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Rallying Against Trump: Working Families in Action

When they aren't on the job, working people put their time and effort into helping their community and working for the issues and political leaders who fight for us. Here are some recent examples of working people in action:

Pennsylvania AFL-CIO Rallies Against Trump: The Pennsylvania AFL-CIO joined labor leaders and union allies in Pittsburgh for a press conference in response to Republican presidential nominee Donald Trump’s anti-worker rhetoric.

West Virginia AFL-CIO Hosts Picnic for Union-Endorsed Candidates: The West Virginia AFL-CIO and the South Central AFL-CIO hosted an old-fashioned family barbecue on Saturday so that West Virginians could meet the union-endorsed candidates.

Rhode Island AFL-CIO Rallies in Support of School Workers: The Rhode Island AFL-CIO hosted a rally in support of Pawtucket school lunch workers. The union's contract with Aramark expired in April 2016. Aramark has been seeking significant concessions from its employees.

Upper Peninsula Regional Labor Federation Hosts Annual Labor Education Conference: The Upper Peninsula Regional Labor Federation hosted its 25th annual Upper Peninsula Labor Education Conference. This year’s conference focused on bridging the gap between generations of workers and included a speech from Liz Shuler, the first woman and youngest person to hold the office of AFL-CIO secretary-treasurer. "Michigan's a key state in the election, and we are trying to mobilize, educate and empower working people in the state," Shuler said.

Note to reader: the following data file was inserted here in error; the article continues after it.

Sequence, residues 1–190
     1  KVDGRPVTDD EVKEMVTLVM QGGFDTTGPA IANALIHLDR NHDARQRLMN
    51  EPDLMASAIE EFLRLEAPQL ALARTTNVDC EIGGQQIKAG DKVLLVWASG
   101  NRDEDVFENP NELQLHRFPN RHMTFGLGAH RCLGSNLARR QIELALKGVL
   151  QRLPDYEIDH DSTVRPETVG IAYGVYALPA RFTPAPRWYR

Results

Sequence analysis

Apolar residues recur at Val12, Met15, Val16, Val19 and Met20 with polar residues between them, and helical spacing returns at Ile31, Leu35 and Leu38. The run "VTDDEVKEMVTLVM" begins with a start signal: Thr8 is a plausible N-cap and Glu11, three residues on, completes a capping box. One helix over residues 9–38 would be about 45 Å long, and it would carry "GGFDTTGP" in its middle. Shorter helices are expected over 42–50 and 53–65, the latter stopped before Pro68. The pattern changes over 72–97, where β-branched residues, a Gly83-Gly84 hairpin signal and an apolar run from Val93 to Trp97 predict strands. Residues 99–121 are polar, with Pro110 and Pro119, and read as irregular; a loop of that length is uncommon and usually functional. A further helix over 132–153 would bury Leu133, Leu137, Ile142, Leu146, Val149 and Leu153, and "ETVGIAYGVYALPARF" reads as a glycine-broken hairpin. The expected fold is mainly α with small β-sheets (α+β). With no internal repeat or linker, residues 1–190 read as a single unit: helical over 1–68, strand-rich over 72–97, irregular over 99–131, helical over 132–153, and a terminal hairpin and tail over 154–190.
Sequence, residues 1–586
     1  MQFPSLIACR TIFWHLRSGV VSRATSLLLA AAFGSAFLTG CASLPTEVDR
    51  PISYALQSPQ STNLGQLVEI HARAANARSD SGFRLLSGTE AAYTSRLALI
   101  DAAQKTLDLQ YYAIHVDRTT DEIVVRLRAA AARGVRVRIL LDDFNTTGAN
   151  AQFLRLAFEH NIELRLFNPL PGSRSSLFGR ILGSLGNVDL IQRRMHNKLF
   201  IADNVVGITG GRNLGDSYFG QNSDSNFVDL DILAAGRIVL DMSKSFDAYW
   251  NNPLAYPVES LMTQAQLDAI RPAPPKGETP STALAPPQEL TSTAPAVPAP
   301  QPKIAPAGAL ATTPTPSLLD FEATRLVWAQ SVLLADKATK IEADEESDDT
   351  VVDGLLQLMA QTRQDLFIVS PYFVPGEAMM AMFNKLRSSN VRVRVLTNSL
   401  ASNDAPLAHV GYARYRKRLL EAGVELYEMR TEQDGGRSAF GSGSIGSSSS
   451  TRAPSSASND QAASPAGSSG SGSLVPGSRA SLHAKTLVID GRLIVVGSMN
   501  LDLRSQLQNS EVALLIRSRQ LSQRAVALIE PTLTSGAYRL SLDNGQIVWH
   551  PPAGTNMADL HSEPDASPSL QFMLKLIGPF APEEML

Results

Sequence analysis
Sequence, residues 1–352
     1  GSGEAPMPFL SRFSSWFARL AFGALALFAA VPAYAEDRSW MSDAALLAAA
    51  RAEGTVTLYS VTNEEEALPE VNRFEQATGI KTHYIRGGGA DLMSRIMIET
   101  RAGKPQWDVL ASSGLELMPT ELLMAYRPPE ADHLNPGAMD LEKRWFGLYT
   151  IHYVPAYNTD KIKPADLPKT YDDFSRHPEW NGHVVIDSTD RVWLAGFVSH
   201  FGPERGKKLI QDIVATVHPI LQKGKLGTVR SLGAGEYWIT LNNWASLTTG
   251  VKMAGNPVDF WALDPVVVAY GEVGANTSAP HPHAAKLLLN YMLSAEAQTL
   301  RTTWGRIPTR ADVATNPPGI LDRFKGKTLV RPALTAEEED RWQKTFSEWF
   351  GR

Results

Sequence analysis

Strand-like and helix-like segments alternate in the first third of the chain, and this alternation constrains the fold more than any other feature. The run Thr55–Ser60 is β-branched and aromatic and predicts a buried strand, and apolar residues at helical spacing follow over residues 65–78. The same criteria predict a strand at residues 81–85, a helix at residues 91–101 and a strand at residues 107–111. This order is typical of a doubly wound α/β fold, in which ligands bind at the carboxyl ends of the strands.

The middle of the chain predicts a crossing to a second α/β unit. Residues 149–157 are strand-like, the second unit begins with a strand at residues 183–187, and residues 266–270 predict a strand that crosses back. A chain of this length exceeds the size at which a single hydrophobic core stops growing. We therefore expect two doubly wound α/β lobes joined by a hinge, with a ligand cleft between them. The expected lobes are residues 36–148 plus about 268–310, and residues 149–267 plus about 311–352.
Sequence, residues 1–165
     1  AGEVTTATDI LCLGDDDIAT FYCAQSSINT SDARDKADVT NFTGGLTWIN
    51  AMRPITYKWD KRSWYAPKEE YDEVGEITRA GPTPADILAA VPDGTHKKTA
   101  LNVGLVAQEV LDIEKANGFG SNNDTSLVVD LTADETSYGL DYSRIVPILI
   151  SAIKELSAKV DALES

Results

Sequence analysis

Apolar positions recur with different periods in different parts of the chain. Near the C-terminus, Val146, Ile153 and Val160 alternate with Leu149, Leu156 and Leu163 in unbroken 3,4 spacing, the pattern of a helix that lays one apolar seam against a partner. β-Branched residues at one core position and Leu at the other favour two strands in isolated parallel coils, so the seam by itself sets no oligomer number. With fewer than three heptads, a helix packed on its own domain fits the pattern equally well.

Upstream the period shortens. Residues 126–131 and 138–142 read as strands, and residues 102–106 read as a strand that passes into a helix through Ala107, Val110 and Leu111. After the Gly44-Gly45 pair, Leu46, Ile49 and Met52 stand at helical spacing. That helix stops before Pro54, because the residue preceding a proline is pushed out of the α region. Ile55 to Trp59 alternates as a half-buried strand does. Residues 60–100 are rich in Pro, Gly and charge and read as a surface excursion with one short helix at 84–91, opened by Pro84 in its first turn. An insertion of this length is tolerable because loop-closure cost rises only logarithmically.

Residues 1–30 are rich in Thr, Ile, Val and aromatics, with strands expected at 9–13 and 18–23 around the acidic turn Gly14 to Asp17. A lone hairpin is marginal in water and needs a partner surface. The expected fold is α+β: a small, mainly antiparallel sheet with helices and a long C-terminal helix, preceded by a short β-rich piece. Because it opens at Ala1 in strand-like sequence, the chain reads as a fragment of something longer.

Virginia AFL-CIO Rallies Against Right to Work: The Virginia AFL-CIO rallied union volunteer door-knockers against the Virginia amendment to place "right to work" in the state constitution.

Ohio AFL-CIO Opens Antrim Park Pier: The Ohio AFL-CIO, led by President Tim Burga, was joined by Columbus Mayor Andrew J. Ginther, Councilmember Jaiza Page and Recreation and Parks Department Director Tony Collins to cut the ribbon at the new, union-built Antrim Park Pier. More than 1,000 hours were volunteered and $15,000 of materials donated to replace the decking and railing of the 2,400-square-foot pier at Antrim Park in Columbus.